That may have been the case when you were a lad, but on our recent stay in the UK we were shocked and pretty horrified at how obsessed with WW2 the UK appeared to be.
As far as I could tell, this suited the ends of the State very well. First, there were all the attempts to recreate the sense of “all in it together"-ness of WW2, as some sort of “isn’t this GFC jolly” thing. Thus all the "Make Do and Mend", "Dig for Britain", and all the "Keep Calm and Carry On" posters.
The language was hideous. All of it was “… for Heroes”. So there was “Help for Heroes”, “Hounds for Heroes” (I thought this was some charity that arranged for returned soldiers to get retired greyhounds, but now I come to look it up, I find it’s slightly better, in that it provides assistance dogs to returned soldiers with disabilities), and, more locally (we were living on the edge of an Air Force village in Buckinghamshire, so doubtless got more exposure than most) the Horses, Hounds and Heroes Family Fun Day. Yes, really.
I suspect the UK's WW2 obsession has more to do with national myth and a yearning for a simpler time of national solidarity than it does anything else. The 70 years since the end of WW2 have mostly been marked by loss of global power and influence, internal civil division, and extended periods of economic gloom.
It's not coincidence that the popularity of 'keep calm and carry on' exploded around the time The City imploded and took the economy with it, and all the politicians stood around the hole, lost for words and looking like the exposed powerless incompetent idiots they mostly are. I don't think 'the state' really drove it at all.
I saw Paul Mason talk in 2012, after the riots, and just before the jubilee celebrations and the start of the olympics. He mused that he considered that things might 'get interesting' around those times, implying that there might be some sort of renewed flare-up of civil disorder. As it turns out, he was 180 degrees wrong, and both events actually worked more to 'solidarity' the country than otherwise. However, it will be interesting to see how things work out this year with the election and all: The Kippers are on the rise, and Scotland is looking somewhat unsettled.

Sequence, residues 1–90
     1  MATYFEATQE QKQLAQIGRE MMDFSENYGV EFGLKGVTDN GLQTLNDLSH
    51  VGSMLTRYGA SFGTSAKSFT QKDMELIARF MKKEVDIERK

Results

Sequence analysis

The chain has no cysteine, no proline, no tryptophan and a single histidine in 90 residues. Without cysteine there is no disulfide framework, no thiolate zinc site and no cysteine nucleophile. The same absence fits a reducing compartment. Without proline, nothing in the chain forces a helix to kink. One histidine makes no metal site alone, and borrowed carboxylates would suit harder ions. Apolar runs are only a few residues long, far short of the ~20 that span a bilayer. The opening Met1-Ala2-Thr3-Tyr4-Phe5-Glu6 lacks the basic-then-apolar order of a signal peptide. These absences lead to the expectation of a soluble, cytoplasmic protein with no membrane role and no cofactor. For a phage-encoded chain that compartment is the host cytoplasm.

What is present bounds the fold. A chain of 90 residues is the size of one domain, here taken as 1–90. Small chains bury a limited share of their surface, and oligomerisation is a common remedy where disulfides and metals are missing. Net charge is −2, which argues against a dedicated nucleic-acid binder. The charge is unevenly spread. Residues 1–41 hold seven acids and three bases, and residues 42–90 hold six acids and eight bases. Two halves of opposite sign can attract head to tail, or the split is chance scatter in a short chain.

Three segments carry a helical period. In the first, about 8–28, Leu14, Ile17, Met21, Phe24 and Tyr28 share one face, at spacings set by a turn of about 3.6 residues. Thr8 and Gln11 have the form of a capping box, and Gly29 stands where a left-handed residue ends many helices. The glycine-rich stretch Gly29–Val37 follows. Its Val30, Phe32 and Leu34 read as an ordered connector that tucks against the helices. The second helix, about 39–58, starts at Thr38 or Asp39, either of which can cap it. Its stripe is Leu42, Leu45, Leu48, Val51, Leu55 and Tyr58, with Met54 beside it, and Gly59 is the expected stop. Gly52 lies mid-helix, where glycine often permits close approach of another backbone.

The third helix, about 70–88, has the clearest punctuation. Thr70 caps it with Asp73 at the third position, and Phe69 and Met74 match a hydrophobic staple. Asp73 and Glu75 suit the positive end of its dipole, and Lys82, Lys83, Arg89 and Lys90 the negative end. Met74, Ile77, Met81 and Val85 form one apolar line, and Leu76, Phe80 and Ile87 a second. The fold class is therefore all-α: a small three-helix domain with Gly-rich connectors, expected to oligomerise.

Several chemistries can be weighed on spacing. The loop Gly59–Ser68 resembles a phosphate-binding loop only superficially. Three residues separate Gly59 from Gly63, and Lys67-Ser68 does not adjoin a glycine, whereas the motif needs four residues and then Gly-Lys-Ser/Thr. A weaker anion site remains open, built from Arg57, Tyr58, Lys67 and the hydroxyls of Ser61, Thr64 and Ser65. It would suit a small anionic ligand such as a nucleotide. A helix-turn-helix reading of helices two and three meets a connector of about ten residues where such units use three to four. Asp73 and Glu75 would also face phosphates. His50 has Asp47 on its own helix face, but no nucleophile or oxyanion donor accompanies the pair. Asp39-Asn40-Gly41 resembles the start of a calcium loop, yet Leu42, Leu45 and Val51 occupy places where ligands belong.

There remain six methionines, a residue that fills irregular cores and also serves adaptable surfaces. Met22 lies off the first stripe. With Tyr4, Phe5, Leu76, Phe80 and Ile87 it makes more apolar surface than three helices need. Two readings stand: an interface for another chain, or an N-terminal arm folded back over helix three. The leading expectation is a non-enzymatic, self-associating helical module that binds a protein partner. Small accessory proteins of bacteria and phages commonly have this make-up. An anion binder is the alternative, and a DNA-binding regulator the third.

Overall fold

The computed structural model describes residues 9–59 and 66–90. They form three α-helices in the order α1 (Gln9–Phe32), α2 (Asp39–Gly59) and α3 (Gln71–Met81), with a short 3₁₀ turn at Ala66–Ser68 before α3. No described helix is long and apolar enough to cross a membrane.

As for “… for Heroes”. These charities were set up when it became clear that the standard of care provided for badly-wounded and disabled returning servicemen and women was absolutely inadequate. It never quite became a front-page national disgrace, mainly because the right-wing press were never inclined to join the necessary dots, but they're basically filling a hole the the state can't/won't.
There were sustained attempts by politicians here in the UK to hijack the WW1 centenary last year and turn it in a more jingoistic direction, but fortunately they mostly failed.
You're right that there are troubling signs: the military toys in the shops seem to be aimed at younger children than I remember from my youth, and are more 'real', than they are fantasy/historical (it ain't robots and aliens who are the villains...). But I don't really see how an air base open day is different to the Navy base open day I went to in Devonport a few years back.
In Oz as a young lad, we had remembrance day on the 11th hour of the 11th day of the 11th month, because it was funny to keep shooting people for a few more days and hours until it came to a tidy number.
The story we got told was of the troops having the first Christmas truce, and then not being allowed to again because it was bad for morale to learn the "enemy" were just scared young kids like yourselves. That men don't actually want war at all, from the first moment they have to live it. That it's only fear and ignorance makes people fight. Rather red teachers union in Victoria, all too many relatives names on the town war memorial.
But it's all much worse than that in reality. We conscripted 18 year olds to invade countries on the far side of the planet, then had them run at machine guns and left the resulting corpses to rot in the mud. They didn't even have helmets for a start, because a nice hat was cheaper. It was disease killed most of them, because they had to live in an open sewer, and everyone had trench-foot and lice that constantly itched and hurt.
But the thing they talk about, it's the boredom. War is the same faces, the same food, the same tiny bit of trench or same tent when you're rotated out, nothing to talk about, nothing to do. You wait for weeks, or months, the odd person you vaguely knew getting blown to bits, and then you kill some people who look just like you and your mates, and then they make you do it over again. In WWI, the people it broke, wandering about asking how to get home, we shot them as cowards.
The soldiers didn't make a sacrifice, the country sacrificed all those young men for the glory of the British Empire. To run at machine guns until they ran out of ammunition, which the central powers finally did late in 1918.
The trenches were a place that young men died, not an amusement park ride.
Quite. Where are the tone police when they are needed? (I didn’t realise the trench was on tour. Presented by the History Channel.)
Christchurch people: I’m told the 19th Battalion and Armoured Regiment Service at The Memorial in Victoria Park (Victoria Park Rd, Cashmere 8.00am Saturday) is one of the most atmospheric and without the vast crowds.
Where are the tone police when they are needed?